The Association of National Advertisers is urging Congress to preserve a longstanding tax code provision that allows companies to deduct all of their ad expenses.
Any attempt to change the deductibility of ad expenses "would result in less information being available to consumers through internet publishers, newspapers, magazines, radio and television stations and networks, and cable networks and operators," the ANA and other members of the lobbying group The Advertising Coalition argue in a letter sent last week to the House Ways and Means Committee.
"Advertising is essential to the operation and even the survival of our national independent providers of news and information," the letter states.
The organization adds that if companies cut back on advertising, media outlets will suffer a loss of revenue that will "reduce their ability to make information available and would weaken a core underpinning of our democracy -- an informed electorate."
The new ANA initiative comes as Congress is gearing up to tackle tax reform. The organization hopes to head off proposals to change the deductibility of ad costs, according to ANA executive vice president Dan Jaffe.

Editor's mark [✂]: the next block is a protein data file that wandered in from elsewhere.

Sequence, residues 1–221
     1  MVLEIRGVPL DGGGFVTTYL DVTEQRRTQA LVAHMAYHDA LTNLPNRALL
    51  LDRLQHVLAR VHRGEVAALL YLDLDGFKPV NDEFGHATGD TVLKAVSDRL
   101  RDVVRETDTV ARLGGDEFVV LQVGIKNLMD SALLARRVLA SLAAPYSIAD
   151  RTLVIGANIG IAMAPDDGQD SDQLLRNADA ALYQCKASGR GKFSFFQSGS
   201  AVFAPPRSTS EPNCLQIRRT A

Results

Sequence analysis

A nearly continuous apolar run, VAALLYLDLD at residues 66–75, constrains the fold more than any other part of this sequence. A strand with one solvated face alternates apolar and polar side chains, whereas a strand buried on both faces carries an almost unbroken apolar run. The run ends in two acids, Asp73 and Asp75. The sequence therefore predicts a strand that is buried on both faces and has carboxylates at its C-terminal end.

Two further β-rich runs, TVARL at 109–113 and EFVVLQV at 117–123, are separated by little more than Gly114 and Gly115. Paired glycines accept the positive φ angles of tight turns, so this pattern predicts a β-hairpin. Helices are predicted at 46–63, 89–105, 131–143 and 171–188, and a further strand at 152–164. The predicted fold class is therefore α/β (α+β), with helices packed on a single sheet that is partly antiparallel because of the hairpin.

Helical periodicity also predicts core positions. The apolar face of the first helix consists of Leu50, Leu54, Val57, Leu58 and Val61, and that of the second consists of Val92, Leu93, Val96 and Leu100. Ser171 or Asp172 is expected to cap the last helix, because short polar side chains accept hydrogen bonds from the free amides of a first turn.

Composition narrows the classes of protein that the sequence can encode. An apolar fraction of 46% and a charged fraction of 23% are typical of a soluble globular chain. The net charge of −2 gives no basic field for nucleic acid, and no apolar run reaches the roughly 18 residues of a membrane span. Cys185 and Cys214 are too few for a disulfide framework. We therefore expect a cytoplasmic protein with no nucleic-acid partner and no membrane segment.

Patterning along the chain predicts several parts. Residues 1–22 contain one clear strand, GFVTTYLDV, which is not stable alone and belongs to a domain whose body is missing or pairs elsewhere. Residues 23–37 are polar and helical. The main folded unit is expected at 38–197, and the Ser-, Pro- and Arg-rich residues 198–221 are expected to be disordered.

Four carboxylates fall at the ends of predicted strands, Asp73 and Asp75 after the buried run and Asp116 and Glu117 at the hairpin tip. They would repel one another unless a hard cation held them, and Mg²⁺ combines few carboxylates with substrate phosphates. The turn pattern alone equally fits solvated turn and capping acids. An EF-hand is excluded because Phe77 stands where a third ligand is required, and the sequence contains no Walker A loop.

"There's no proposal immediately on the table. But we are in an extraordinary, almost unprecedentedly, volatile period in regard to tax reform," he says.
Lawmakers have previously considered changing the deductibility of ad expenses, but decided against doing so. In 2009, for instance, Congress didn't move forward with a proposal to eliminate the tax deductibility of prescription drug advertising costs.
Also, in 2015 the House considered a proposal put forward by former Ways and Means Committee Chair Dave Camp that would have required companies to amortize some of their ad expenses. That proposal, which was never enacted, would have resulted in at least $169 billion in additional taxes on advertisers, according to the ANA.
It's not yet known when the White House plans to issue a formal proposal to revise the tax code.